After months of anticipation the Grand Opera House has finally reopened presenting its new renovations.
The new carpet feels comfortable as the foam bends and molds to each step of the foot. It is red and unworn. There are no signs of treadmarks anywhere.
Gram Slaton, executive director of the Grand, says theatre carpet is supposed to last 30 to 40 years
The previous flooring in the lobby was 30-year-old hotel carpet, which only has a lifetime of three to five years.
“That’s called dorm room carpet,” said Slaton, explaining that the previous flooring was dingy with years of drink stains saturated in it.
Renovations at the Grand began Aug. 1 with a plan to install new carpeting, install historically correct seating, make subsequent changes to heating and air and expand the stage loading dock door by 50 percent.
The work was complete on Oct. 12, when the symphony moved back in.
The funds for the renovations came through a Macon voter selected Special Purpose Local Option Sales Tax (SPLOST), which allocates money to county projects aimed to improve quality of life and safety.
The SPLOST includes funding city infrastructure projects. The Grand had to lobby for a portions of those funds to be allocated for their restorations.
Slaton said that old theatres like the Grand are costly to keep up, especially in the South where weather and humidity play a role in causing deterioration.
The Grand Opera House opened its doors in 1904.
It is the longest running theatre in Macon and at one time held the largest stage in the South.
It was built large enough to hold a production of Ben Hur with a live horse and chariot race, which was performed in 1908.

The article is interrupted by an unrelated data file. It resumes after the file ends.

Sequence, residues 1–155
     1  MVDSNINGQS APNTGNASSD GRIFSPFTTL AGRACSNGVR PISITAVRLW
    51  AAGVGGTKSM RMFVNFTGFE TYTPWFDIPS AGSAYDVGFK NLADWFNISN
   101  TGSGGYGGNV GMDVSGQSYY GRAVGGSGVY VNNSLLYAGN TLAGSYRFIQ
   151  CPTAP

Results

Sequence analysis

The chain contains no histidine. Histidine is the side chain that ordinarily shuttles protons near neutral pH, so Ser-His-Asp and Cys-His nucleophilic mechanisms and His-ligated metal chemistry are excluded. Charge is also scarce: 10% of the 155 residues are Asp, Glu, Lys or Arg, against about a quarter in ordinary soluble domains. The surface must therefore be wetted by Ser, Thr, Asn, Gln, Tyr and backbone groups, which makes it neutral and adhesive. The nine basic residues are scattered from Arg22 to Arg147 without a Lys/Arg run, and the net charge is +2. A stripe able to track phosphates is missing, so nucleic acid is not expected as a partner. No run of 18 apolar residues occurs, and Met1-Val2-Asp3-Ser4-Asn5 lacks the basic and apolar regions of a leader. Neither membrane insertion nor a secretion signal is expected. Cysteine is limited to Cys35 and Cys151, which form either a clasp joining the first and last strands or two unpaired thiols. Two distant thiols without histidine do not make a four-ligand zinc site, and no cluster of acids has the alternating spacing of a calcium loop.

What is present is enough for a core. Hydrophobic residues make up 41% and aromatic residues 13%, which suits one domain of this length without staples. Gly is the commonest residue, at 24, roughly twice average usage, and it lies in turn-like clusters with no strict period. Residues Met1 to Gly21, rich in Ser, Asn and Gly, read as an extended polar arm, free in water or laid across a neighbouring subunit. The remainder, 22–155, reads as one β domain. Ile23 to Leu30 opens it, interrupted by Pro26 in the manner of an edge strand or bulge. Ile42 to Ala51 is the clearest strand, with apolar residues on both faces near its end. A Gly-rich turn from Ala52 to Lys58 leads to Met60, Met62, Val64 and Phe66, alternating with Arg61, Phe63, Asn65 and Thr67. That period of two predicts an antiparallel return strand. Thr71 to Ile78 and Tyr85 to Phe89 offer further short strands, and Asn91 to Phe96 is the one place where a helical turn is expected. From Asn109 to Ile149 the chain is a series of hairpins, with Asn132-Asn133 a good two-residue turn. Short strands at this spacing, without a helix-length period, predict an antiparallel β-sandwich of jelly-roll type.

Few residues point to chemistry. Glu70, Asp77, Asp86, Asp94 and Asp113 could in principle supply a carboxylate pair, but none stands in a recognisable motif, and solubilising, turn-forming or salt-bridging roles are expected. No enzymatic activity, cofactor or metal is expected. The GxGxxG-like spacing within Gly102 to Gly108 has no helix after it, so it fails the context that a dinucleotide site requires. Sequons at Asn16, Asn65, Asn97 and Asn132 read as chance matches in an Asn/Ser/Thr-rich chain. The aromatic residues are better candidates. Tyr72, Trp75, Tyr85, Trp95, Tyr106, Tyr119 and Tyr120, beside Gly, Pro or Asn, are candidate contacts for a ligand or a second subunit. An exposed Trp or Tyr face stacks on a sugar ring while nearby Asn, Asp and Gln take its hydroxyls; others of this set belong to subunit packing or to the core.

As Slaton walks around the seating area of the theatre, the chairs are wooden now with a bigger seat pan. They are stained in a light natural wood color and upholstered in blue.
The floors have been brought back to be wooden with aisle lined in carpet as it would have looked in the 1920s.
The chairs are historically accurate and emulate a common style of theatre seating available from 1890 to the 1930s.
“[The seating] was in dire need of replacement,” said Slaton.
The previous chairs were dark green, metal high school auditorium seats, that were purchased from a local school in the 1970’s.
As Slaton stands at the stage loading dock door to take a work related phone call, the door is much larger today.
The door now spans the width and height of a commercial truck trailer.
As Broadway shows have gotten bigger, so have their set designs.
The previous stage door was too small to load in all of the scenic elements from touring shows that perform at the Grand.
This was a problem with last season’s production of “Annie” when the iconic oversized Christmas tree and front steps of the final scene could not be loaded into the building.
According to Slaton, this was a let down to audience members who knew the show.
“You [now] will be getting the show that you pay for,” said Slaton.
There is still much to be done at the Grand.
Slaton said that the two biggest complaints for the opera house have been the seats and the insufficient size of the restrooms.
Next year the restrooms will be remodeled and the front lobby will be expanded and rewired to feature chandeliers that once graced the space.
“We had to carefully select which projects we wanted to do,” Slanton said. “ And now, we have all winter to think about [it].”